Some of Nauman's earliest work was shaped by ideas that arose in the wake of Minimalism in the late 1960s. In particular, the way he treated the body - often his own, shown on video completing repetitive tasks - and the way he related the body to surrounding objects show the impact of Minimalism's new ideas about the relationship between the viewer and the sculptural object. His occasional interest in abstraction and sculptural concerns such as gravity also betray the style's influence. But Nauman, shunned the slick production values of Minimalism and has often showed a preference for a cruder manner of presentation.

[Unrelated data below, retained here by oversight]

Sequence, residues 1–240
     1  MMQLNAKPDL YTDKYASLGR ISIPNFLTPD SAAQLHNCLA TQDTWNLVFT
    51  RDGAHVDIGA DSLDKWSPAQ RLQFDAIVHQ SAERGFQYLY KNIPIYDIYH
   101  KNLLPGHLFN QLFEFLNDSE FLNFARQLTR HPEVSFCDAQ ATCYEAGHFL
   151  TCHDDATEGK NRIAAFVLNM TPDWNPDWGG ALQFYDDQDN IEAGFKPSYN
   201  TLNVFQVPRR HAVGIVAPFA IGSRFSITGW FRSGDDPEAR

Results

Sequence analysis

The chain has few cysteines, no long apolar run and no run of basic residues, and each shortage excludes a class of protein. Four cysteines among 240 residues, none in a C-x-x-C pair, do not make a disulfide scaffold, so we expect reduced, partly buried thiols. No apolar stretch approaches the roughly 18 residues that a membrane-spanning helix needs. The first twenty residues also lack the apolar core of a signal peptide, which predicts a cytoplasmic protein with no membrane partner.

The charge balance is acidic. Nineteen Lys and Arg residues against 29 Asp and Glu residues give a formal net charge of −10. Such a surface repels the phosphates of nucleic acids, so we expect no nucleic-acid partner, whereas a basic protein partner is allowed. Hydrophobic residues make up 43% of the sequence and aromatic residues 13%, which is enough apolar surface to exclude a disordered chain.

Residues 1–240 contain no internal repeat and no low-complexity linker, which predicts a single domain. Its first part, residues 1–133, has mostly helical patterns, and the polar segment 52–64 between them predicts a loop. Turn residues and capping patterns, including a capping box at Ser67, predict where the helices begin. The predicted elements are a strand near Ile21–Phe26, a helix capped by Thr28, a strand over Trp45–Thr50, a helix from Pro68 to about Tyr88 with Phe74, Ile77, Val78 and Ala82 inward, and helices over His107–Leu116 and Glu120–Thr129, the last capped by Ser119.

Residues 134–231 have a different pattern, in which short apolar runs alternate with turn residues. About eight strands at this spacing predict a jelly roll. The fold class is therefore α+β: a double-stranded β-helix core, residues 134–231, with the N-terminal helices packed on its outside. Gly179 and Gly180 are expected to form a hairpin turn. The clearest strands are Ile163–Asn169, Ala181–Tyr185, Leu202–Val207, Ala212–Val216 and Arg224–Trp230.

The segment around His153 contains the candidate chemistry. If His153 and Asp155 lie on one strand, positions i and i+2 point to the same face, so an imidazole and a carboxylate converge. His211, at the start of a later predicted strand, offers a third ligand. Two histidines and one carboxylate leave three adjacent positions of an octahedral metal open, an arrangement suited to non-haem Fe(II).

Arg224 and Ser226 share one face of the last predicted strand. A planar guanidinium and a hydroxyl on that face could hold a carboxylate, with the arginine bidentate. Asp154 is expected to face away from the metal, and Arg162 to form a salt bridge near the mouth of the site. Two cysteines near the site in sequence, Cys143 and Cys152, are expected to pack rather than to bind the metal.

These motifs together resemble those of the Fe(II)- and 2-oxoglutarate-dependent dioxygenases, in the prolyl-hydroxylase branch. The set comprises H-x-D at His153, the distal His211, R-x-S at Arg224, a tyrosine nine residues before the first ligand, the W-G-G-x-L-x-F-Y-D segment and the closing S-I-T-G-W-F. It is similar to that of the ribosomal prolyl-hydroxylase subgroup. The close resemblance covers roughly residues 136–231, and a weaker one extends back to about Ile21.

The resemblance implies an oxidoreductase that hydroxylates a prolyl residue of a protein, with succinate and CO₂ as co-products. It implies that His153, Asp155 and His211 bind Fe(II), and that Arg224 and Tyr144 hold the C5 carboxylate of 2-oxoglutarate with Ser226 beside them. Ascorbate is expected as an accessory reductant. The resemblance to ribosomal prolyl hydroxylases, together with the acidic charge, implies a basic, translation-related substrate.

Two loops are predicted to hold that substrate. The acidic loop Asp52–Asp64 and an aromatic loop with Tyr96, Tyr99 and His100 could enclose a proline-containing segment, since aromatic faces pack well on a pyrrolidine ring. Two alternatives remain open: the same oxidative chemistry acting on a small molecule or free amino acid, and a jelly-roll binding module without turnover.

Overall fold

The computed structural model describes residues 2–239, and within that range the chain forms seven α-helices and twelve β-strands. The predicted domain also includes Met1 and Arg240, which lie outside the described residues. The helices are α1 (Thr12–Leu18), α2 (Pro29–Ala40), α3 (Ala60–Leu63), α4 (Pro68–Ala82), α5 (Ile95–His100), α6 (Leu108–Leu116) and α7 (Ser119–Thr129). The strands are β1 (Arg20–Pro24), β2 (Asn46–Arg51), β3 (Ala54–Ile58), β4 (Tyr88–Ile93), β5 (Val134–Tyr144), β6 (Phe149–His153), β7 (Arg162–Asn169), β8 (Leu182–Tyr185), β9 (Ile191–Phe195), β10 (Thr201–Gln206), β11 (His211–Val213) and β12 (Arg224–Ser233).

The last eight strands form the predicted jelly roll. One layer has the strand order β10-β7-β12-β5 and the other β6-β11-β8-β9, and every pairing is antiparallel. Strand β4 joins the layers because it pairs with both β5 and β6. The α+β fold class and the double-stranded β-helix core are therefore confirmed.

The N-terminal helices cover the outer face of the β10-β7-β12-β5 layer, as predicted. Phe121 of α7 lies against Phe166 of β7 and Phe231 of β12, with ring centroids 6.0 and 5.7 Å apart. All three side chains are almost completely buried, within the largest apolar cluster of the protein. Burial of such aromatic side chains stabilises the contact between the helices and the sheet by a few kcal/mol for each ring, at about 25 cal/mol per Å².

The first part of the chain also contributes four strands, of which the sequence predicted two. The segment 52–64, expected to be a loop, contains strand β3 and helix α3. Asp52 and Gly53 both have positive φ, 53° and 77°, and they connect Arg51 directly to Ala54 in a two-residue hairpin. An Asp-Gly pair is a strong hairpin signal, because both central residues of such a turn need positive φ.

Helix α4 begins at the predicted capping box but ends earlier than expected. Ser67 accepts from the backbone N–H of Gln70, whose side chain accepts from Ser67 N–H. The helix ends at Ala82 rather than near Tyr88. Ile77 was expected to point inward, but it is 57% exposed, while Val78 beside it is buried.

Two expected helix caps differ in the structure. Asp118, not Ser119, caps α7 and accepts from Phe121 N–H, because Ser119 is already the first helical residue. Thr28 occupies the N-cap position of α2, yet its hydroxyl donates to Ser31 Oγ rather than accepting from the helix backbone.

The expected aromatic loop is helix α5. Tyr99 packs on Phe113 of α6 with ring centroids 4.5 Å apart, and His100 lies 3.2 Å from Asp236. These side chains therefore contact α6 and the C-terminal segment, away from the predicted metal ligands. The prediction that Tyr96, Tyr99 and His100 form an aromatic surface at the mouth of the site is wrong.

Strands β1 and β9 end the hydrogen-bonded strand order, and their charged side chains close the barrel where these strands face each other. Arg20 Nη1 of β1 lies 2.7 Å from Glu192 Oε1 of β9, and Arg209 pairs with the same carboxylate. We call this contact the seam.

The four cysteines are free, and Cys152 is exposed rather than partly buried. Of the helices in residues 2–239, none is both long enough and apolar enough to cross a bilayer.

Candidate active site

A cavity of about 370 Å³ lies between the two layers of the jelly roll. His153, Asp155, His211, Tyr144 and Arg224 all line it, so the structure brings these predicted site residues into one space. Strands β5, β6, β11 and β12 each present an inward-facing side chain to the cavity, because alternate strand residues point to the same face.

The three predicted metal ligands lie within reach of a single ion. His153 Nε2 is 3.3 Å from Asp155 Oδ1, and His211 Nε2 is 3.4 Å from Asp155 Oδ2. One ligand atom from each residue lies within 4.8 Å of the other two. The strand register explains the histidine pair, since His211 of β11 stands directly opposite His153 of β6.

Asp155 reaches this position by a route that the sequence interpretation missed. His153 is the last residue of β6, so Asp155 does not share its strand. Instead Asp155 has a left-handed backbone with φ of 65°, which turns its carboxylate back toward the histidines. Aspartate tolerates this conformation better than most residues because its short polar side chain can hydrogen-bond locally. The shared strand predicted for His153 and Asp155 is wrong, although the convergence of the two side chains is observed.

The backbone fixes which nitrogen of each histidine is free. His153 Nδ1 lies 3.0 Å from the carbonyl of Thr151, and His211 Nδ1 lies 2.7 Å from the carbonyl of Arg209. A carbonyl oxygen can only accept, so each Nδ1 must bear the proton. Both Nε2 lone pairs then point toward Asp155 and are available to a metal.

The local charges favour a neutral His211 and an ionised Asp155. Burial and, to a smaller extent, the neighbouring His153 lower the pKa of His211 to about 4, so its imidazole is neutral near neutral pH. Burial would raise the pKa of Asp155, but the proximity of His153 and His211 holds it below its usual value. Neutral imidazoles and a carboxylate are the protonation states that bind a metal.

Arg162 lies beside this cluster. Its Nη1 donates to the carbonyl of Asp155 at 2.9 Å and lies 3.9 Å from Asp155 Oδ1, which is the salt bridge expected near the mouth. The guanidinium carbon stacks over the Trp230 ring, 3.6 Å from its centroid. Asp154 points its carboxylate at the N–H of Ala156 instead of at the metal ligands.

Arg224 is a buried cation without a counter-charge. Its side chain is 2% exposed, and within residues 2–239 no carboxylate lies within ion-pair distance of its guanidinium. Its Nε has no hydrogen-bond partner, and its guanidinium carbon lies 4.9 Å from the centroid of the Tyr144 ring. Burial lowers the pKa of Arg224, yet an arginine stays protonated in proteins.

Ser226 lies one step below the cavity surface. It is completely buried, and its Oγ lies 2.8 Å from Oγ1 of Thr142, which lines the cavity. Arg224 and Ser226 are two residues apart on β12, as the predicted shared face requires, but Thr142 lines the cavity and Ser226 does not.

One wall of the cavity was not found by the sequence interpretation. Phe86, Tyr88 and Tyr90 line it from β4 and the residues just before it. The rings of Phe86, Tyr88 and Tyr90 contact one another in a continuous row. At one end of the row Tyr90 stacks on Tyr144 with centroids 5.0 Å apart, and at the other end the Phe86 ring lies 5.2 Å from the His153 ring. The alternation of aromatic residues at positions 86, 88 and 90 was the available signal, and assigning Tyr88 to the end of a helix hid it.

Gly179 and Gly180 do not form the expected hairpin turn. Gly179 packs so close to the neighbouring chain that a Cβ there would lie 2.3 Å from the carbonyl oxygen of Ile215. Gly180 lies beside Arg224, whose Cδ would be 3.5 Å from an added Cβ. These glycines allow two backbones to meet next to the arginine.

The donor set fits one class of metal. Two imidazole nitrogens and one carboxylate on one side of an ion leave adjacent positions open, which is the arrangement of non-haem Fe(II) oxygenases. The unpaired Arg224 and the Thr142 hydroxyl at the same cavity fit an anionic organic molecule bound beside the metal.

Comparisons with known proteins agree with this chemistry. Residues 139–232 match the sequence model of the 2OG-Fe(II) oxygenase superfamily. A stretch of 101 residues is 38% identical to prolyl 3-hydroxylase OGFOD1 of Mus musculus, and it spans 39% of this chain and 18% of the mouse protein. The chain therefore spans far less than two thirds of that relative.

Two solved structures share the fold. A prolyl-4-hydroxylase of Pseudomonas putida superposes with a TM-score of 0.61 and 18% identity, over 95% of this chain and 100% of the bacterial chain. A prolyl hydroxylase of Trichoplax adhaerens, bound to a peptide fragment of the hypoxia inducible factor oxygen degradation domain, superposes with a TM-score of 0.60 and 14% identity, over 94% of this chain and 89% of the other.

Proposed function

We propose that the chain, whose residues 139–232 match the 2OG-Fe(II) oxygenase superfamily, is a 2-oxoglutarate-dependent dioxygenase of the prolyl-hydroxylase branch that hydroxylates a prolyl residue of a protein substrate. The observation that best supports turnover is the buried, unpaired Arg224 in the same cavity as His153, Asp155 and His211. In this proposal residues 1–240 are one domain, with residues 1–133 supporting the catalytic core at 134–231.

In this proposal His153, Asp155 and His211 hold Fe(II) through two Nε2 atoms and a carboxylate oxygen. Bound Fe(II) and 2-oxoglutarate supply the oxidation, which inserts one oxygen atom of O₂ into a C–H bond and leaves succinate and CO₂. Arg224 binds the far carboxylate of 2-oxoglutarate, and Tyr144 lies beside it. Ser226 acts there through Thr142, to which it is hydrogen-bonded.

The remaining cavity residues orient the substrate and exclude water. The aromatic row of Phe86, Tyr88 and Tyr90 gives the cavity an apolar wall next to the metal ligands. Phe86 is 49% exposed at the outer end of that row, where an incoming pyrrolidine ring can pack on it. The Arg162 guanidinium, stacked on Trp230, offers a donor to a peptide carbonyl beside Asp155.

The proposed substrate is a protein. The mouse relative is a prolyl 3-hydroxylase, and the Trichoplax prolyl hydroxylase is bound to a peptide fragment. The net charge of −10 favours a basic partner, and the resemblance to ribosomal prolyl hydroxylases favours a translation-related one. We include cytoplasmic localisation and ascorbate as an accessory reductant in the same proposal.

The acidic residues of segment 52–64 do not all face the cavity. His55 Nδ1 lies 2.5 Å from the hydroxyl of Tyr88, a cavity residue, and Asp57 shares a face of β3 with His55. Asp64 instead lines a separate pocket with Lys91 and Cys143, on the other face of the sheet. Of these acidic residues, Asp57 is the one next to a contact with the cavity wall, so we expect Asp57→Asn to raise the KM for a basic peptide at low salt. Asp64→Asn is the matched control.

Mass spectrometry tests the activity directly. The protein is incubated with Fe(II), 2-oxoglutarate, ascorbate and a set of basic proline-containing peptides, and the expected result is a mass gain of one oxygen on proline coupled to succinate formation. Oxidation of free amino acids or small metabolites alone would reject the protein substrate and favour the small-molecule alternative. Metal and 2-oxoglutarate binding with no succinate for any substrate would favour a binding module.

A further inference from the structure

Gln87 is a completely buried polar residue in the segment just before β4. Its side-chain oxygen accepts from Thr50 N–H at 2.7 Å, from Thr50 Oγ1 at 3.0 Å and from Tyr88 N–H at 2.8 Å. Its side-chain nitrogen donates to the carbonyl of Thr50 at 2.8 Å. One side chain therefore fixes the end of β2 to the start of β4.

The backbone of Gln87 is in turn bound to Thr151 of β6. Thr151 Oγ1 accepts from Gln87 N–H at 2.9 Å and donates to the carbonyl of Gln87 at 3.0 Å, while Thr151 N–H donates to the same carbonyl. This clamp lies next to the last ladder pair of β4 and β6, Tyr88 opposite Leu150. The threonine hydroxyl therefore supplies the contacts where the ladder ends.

Ludwig Wittgenstein's ideas about language have been an important influence on his work, shaping his interest in the way words succeed or fail in referring to objects in the world. The philosopher's outlook has also no doubt influenced the tone of some of Nauman's work, which sometimes has comic, absurdist touches, employing jokes and word play, and yet also touches on obsessive behavior and frustration.
Much of Nauman's work reflects the disappearance of the old modernist belief in the ability of the artist to express his ideas clearly and powerfully. Art, for him, is a haphazard system of codes and signs, just like any other form of communication. Aside from informing his use of words, it has also encouraged him to use "readymade" objects - objects that, unlike paintings or traditional sculptures, already carry meanings and associations from their use in the world - and to make casts of objects ranging from the space underneath chairs to human body parts.